jimh is on the the right track in remembering the money, but before Walt collapses, Skyler says something like, "you buried all the money didn't you?" When he wakes, and she's playing the attentive wife, he explains his plan to turn himself in and for her to keep the money. She replies something to the effect that he can't turn himself in without the money. She was made complicit in this, and stands to lose everything. Only Walt knows where the money is, and only by backing Walt (at least for now) can she keep the money in sight.
Back in the mid-eighties, my sister had a weird sighting, Shari Belafonte and Jeff Daniels at the same time.
She said that Mr Daniels seemed like a very, very disagreeable man, which puzzled me, because it's been printed often that he's an all-around nice guy and a very professional actor, no complaints from any front.
Then it hit me: Instead of seeing Jeff Daniels, my sister saw Flap Horton from 'Terms Of Endearment'. Caught red-handed on the silver screen, Mr Daniels didn't have a chance against the fury of a woman who's seen another woman betrayed, even in fiction.
Agree w you @DenMcH and your last sentence @jimh:
I think this is more about emotion than logic...
Skyler was tough as nails (and that's why a lot of us hated her, as she mentions in the pretty amazing op-ed headlining this thread). But before it was about preserving family, and it continues to be that now.
The past couple episodes have been incredible TV.
I'm not saying that Walt is being completely honest with her, only that Skyler being sympathetic to Walt at this point makes sense to me character-wise. And she may not be being completely honest with Walt, but they're locked in the lies together.
As for people treating Anna Gunn like crap for her character's decisions, I'll go with Vince Gilligan's opinion that it's "misogyny, plain and simple". People hate Prince Joffrey, but you don't see nearly as much vitriol spilling out toward Jack Gleeson in real life...
I've never seen or heard of that film, and I think of 4 other Jeff Daniels films when I hear his name.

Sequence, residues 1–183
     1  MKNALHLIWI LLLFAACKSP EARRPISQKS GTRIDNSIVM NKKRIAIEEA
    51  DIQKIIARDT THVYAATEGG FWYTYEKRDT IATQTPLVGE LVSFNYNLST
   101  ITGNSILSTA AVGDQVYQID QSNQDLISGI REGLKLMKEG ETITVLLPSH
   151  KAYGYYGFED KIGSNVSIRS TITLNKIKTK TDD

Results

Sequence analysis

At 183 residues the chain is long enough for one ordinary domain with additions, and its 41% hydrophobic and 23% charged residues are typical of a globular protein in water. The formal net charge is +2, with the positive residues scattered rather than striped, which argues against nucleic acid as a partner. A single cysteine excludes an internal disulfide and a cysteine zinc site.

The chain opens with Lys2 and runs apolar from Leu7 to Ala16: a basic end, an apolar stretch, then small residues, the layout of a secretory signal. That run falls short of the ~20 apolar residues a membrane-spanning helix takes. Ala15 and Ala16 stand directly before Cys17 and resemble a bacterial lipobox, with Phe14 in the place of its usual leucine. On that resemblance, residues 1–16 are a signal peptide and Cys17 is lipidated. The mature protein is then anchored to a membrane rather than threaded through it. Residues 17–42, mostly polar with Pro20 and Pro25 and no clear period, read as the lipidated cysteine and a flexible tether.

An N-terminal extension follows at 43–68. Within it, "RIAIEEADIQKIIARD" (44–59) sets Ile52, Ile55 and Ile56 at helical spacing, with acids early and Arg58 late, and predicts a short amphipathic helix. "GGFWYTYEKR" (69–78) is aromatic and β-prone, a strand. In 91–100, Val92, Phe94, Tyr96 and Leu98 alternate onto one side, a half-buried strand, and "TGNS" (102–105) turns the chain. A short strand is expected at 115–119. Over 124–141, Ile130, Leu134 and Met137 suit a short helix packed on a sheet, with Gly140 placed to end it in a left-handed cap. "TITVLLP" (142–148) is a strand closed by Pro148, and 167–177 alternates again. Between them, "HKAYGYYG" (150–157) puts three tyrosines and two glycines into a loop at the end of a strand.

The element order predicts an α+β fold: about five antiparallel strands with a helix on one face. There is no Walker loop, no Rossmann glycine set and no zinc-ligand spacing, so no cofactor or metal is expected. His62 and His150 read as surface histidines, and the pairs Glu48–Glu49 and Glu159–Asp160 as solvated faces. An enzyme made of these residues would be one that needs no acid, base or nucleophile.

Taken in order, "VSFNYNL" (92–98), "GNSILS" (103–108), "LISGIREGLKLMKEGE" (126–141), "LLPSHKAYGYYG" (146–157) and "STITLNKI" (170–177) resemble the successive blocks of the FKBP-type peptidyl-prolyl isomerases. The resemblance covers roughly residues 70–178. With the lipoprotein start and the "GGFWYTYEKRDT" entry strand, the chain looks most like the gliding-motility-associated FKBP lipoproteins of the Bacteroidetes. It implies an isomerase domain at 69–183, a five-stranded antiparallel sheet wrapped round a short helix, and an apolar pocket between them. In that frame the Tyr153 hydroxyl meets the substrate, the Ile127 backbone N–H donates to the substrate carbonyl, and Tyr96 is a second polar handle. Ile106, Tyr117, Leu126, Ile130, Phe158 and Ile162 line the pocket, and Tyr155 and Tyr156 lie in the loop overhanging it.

Really? 'Terms Of Endearment' won something like 5 of the major Oscars, including Best Picture!
EDIT: But don't believe me, here's the proof.
This was pre- Dumb and Dumber!
Yeah but he might have been like 5 years old or younger when that was released. Kids these days with their meth TV shows!
"Well I'll be darned" gets the same point across without resorting to potty mouth, young man!
*What's the matter, mature young man?
Going to Hollywood, gonna be a big shot?
That town's gonna suck you up and spit you out,
you ain't gonna have a pot to piss in!
Don't come back to me for a job!*
I thought I just didn't like a character on a TV show. Now I know it's my feelings about "strong, nonsubmissive, ill-treated women".
My read is that Hank pushed her over to Walt by what he said and did at the interview. Which was the pivotal moment. She realized both that there was no way out and also that she had become the woman that launders money for a drug lord, that is, she likes it. She likes the thrill and she especially likes the money. She grabbed the moment and pulled out all the stops when she stood up and started shouting, "Am I under arrest?" At that moment she went for ever over to Walt with everything she has. Now it is a story of survival.
It was another amazing moment.
To be fair he has kind of done that now hasn't he? In the first couple episodes of this half season (I don't know how to refer to it, I'm not even sure why it's the same season, as it's clearly not) there are a few moments where it's demonstrated to Skyler that he's distancing himself from it all.
Still a very valid observation, and I'm not sure I would have expected Skyler to buy into it. But that's my take.